Councillor in conflict
The Matamata-Piako District Council is asking for ratepayer submissions on council funding of the proposed Te Aroha Events Centre, funding that would have to come from more borrowing.
The council envisages that the whole district would then be up for extra rates to cover the costs of this project, not just Te Aroha ratepayers.
However, one of the councillors is a very high-profile member of the charitable trust raising funds for this centre and seeking money from the council. A huge conflict of interest thus exists. So what will this councillor do at voting time – abstain from voting?
That is not good enough, he was elected to represent Te Aroha ward ratepayers and by abstaining deprives the same ratepayers from a voice in the council’s boardroom.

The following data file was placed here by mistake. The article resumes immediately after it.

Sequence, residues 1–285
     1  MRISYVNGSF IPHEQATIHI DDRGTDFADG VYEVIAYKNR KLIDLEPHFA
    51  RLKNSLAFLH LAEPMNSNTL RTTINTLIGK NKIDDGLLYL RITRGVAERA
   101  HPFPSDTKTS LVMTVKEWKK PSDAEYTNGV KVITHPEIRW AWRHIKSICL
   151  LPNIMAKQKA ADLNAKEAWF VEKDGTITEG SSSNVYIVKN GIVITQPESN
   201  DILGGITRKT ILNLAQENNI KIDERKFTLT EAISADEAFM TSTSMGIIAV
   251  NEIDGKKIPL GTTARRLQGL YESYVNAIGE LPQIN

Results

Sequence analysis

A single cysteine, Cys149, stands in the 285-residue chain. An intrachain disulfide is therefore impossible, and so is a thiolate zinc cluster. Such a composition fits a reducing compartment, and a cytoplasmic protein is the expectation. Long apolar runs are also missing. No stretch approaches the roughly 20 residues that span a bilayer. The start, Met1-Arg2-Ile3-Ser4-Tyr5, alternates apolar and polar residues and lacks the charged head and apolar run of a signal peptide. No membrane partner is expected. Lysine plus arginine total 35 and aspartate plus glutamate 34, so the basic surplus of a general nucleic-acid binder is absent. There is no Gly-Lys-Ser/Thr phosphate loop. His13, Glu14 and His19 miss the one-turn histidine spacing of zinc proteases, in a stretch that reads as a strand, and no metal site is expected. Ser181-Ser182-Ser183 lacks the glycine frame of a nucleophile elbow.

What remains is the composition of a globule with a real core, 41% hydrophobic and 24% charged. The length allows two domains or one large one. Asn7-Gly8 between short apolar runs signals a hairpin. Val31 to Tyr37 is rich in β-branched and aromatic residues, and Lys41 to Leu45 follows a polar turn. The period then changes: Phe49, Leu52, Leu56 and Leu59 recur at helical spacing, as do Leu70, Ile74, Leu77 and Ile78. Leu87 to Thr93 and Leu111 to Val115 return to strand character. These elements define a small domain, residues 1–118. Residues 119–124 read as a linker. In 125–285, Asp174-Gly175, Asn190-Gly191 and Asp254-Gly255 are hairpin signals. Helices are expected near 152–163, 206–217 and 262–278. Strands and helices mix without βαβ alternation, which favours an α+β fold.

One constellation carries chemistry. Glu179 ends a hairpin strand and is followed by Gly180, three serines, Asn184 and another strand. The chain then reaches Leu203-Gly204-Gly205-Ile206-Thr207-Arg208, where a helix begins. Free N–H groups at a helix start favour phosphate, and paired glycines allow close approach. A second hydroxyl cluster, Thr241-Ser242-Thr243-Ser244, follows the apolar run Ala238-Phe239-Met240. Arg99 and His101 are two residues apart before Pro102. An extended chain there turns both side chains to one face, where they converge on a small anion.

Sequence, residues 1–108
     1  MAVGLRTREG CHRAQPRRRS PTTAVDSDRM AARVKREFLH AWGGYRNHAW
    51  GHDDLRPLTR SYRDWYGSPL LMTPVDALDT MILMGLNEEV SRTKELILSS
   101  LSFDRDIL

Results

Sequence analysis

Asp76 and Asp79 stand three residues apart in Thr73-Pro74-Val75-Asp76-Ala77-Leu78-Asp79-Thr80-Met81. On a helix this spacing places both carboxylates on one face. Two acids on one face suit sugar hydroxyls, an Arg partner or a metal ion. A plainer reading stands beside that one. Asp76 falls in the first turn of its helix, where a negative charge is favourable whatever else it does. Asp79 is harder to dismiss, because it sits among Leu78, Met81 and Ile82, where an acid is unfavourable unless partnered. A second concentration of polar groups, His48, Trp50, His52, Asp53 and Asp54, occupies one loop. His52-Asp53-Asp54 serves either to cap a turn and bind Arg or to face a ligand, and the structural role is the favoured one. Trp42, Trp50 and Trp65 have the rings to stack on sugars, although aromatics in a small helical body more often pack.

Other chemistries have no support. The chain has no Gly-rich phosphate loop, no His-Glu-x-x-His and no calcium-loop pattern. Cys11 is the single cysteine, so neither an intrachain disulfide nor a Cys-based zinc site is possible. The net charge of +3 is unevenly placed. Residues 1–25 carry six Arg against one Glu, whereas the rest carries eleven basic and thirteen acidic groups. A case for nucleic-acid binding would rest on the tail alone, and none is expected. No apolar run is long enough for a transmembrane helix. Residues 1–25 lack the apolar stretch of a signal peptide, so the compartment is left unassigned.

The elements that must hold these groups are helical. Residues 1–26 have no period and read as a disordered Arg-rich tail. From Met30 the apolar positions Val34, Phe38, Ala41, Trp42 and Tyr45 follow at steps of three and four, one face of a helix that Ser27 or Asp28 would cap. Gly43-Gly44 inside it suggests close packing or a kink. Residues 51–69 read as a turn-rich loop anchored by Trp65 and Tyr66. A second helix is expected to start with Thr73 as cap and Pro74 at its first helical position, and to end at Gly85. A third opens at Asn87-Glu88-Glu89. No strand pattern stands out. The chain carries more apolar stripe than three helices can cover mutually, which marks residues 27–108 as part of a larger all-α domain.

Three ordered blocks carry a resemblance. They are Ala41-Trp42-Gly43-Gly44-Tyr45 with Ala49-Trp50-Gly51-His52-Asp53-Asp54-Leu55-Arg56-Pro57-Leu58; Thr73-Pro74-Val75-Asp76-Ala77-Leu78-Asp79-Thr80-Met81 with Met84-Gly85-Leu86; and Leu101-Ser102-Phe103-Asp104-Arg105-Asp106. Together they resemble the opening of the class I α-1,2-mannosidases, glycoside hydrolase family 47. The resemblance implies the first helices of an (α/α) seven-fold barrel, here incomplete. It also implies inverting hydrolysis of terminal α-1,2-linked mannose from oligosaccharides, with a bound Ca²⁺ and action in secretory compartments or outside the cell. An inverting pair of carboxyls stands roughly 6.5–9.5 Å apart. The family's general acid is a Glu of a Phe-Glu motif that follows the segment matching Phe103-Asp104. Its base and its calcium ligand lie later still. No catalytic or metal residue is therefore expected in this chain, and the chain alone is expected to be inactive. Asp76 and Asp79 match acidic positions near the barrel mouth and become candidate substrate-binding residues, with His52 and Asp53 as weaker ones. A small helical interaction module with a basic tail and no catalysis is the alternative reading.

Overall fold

Before any decision is made by the council on this funding issue, because there is a lot of money at stake and for the sake of good order and democratic transparency, this councillor should resign from the council immediately and a by-election called.
It is not uncommon for an elected councillor to have a conflict of interest in a specific issue. The conflict may be financial or simply perceived. In these cases the councillor advises the meeting that he/she has a conflict of interest and they take no part in either the discussion nor the voting. In this specific matter the councillor has formally advised his conflict and withdrawn from the process. Over the last 12 months there have been several declared conflicts by councillors.